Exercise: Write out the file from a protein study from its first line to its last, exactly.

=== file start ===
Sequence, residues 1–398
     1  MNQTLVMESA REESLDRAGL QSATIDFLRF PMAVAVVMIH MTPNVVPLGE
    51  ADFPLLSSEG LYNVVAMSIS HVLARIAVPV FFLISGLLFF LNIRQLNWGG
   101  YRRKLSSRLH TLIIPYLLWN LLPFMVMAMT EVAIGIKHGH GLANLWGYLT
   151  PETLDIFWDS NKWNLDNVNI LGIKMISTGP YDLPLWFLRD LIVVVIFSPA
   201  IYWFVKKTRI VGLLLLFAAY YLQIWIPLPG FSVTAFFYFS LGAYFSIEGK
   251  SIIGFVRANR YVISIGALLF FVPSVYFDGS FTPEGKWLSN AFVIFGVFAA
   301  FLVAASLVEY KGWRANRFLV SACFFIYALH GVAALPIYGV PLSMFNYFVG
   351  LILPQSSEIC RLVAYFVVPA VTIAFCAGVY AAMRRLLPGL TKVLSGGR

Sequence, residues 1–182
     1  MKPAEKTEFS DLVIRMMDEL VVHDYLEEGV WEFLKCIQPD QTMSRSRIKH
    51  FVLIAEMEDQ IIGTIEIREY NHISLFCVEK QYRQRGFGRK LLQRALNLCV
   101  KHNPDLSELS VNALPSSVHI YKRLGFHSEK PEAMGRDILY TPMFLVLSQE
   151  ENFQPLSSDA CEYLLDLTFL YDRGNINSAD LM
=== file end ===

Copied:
Sequence, residues 1–398
     1  MNQTLVMESA REESLDRAGL QSATIDFLRF PMAVAVVMIH MTPNVVPLGE
    51  ADFPLLSSEG LYNVVAMSIS HVLARIAVPV FFLISGLLFF LNIRQLNWGG
   101  YRRKLSSRLH TLIIPYLLWN LLPFMVMAMT EVAIGIKHGH GLANLWGYLT
   151  PETLDIFWDS NKWNLDNVNI LGIKMISTGP YDLPLWFLRD LIVVVIFSPA
   201  IYWFVKKTRI VGLLLLFAAY YLQIWIPLPG FSVTAFFYFS LGAYFSIEGK
   251  SIIGFVRANR YVISIGALLF FVPSVYFDGS FTPEGKWLSN AFVIFGVFAA
   301  FLVAASLVEY KGWRANRFLV SACFFIYALH GVAALPIYGV PLSMFNYFVG
   351  LILPQSSEIC RLVAYFVVPA VTIAFCAGVY AAMRRLLPGL TKVLSGGR

Sequence, residues 1–182
     1  MKPAEKTEFS DLVIRMMDEL VVHDYLEEGV WEFLKCIQPD QTMSRSRIKH
    51  FVLIAEMEDQ IIGTIEIREY NHISLFCVEK QYRQRGFGRK LLQRALNLCV
   101  KHNPDLSELS VNALPSSVHI YKRLGFHSEK PEAMGRDILY TPMFLVLSQE
   151  ENFQPLSSDA CEYLLDLTFL YDRGNINSAD LM